Chicanos and Mexican American are terms generally used to refer to people of Mexican descent, living in the U.S. These terms however have different origins and connote varying meanings depending on the context they are used. Presumably, these terms can be viewed as the precursors to similar terms such as Latino and Hispanic.
There is no precise and accepted theory as to the origin of the word Chicano. Various theories have been advanced in this regard. One theory obtains that the word originated in Chihuahua, a Mexican City. Under this theory, it is believed that ‘Chi’ was added to the ‘cano’ derived from Mexicano, to refer to a descent of the city (Castro, 46). This theory was popularized in the 1960s, though it is not widely accepted.
Another theory opines that the word developed from the term ‘chico’, which Aglo- Americans in southwest and northern Mexico used to refer to Mexicans (Castro, 47). The term ‘chico’ had been used to refer to African-Americans in the Southern states, thus in order to specifically refer to Mexicans it was amalgamated with the ‘ano’ from the word Mexicano, to create Chicano.
The most accepted theory obtains that the word Chicano can be traced to the 1500 AD when Spaniards arrived in native Mexico (Delgado, 162). The Spaniards referred to the native Mexicas as Mechicanos (Lopez, 63). The Mexicas subsequently shortened the term to ‘chicano in reference to themselves as members of the lower caste. From thereon, the term became synonymous to Mexicans of low status.
When the Mexican Revolution began in 1910, many Mexican immigrants migrated to the U.S. Many of these immigrants were poor people, of the lowest class. On arrival, they adopted the word in reference to their low status, which they freely acknowledged. The term was also used in a derogative sense to refer to the immigrants by Mexicans and the Americans. It was used to distinguish the immigrants as they were not considered Mexican by the Mexicans, and likewise the Americans did not regard them as Americans and vice versa.
During the 1940’s, the term was adopted by the Pachucos to differentiate themselves from the immigrants arriving in 1941, referred to as Braceros (Delgado, 162). This set the stage for the use of the word to connote a dual cultural identity, that is, a blend of the Mexican and American culture.
With the continued increase in Mexican immigrants, a class system developed among them. The well off or rich Mexicans did not want to be associated with the poor ones. The term was thus employed to make such distinction. The well off Mexicans referred to the poor ones as Chicano, and often the term was used in a derogative sense. From then on the term was used to refer to poor Mexican immigrants.
The meaning of the term slightly changed during the 1960’s when the Chicano Movement began agitating for the empowerment of Mexican immigrants in the U.S. The term was then used to portray a sense of ethnic pride and political awareness (Castro, 44). This was meant to inculcate a feeling of pride and acceptance in the Mexicans present in America at that time. This would yield support to the cause of the Chicano movement. It is through such efforts that the conception of Chicanismo came into being.
The concept of Chicanismo proclaimed that the Chicanos were proud of their mixed (mestizo) heritage (Vento, 43); that of Mexico, Spain and America. It accentuated cultural, national and linguistic pride, in addition to the belief in economic and political self determination (Castro, 46). Virtually all Mexican-American civil rights movements emphasized Chicanismo. Accordingly, many Mexican-Americans at that time proudly associated with the concept. Some however did not refer to themselves as Chicanos.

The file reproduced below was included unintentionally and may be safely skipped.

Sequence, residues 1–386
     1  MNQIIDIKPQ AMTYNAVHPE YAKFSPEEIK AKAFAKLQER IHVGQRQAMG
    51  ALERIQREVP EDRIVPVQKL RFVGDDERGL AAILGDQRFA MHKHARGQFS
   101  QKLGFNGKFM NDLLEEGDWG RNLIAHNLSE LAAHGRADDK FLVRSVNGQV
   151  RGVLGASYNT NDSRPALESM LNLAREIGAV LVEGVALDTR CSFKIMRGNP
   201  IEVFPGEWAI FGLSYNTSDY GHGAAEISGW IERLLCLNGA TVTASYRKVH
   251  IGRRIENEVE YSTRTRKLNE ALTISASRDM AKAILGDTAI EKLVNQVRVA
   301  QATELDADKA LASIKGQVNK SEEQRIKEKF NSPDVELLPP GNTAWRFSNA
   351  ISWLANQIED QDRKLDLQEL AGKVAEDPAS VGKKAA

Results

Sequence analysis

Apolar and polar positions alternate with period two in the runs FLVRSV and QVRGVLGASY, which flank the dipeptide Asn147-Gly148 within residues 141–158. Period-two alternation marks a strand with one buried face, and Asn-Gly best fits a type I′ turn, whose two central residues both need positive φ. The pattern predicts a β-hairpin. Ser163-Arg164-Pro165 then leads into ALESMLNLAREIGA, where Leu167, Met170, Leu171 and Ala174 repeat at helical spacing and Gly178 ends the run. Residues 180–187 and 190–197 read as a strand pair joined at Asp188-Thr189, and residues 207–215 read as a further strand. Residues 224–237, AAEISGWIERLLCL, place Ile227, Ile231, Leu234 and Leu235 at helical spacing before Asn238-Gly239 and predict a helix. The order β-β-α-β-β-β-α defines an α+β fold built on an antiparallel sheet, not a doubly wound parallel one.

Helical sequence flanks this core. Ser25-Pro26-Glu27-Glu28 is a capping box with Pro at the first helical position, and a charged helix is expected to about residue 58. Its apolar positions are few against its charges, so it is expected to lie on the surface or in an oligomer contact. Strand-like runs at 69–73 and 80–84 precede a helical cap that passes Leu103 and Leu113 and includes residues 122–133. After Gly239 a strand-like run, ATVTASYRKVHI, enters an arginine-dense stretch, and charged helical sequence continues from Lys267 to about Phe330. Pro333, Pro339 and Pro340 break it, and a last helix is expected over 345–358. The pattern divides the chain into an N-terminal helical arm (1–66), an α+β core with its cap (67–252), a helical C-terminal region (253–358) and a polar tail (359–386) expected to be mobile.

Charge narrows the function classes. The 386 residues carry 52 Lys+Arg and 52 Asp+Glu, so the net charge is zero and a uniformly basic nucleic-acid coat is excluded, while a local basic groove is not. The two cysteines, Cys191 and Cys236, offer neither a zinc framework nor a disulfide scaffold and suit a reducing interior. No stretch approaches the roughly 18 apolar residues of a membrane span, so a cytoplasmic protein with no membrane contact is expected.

The Chicano Movement would later become highly political and even started to agitate for return of land lost during the Mexican war (Rosales, 23). The movement also became quite radical even sometimes resorting to violence. This made the support the Movement enjoyed from many Mexican-Americans, especially from elites, to dwindle. The term also lost the appeal it had to Mexican Americans, and later was used to refer to highly politicized Mexican-Americans.
Even though the civil rights movement era reduced the derogative connotations associated to the word, they nevertheless still subsist. In fact the era produced another connotation to the term. This added to the long list of connotations associated with the term. Accordingly, there was need to come up with a term that could refer to Mexicans living in America without conjuring up any of the connotations. The term Mexican-American thus sufficed in this regard.
The term is to a great extent neutral and collective and refers to all Americans of partial or full Mexican descent. It also politically correct in the sense that it is free from the connotations associated with Chicano.
The term however has been criticized for propagating the assumption that all Mexicans are of Mexican heritage. Mexicans of Spanish descent thus find this term unacceptable. Accordingly, other terms that have regard to such heritage have been developed, such as Hispanic and Latino. However, since it is not easy to tell the heritage of a person, Mexican-American remains the best term to use.
Castro, R. Chicano Folklore: A Guide to the Folktales, Traditions, Rituals and Religious
Practices of Mexican-Americans. New York, Oxford University Press, 2000. Print
Delgado, M. R. The Last Chicano: A Mexican American Experience. Indiana, Author House,
Lopez, M. K. Chicano Nations: The Hemispheric Origins of Mexican American Literature. New
York, New York University Press, 2011. Print.
Rosales, F. A. Chicano!: The History of the Mexican American Civil Rights Movement. Texas,
Arte Publico Press, 1997. Print.
Vento, A. C. Mestizo: The History, Culture and Politics of the Mexican and the Chicano: The
Emerging Mestizo Americans. Maryland, University Press of America, 1998. Print.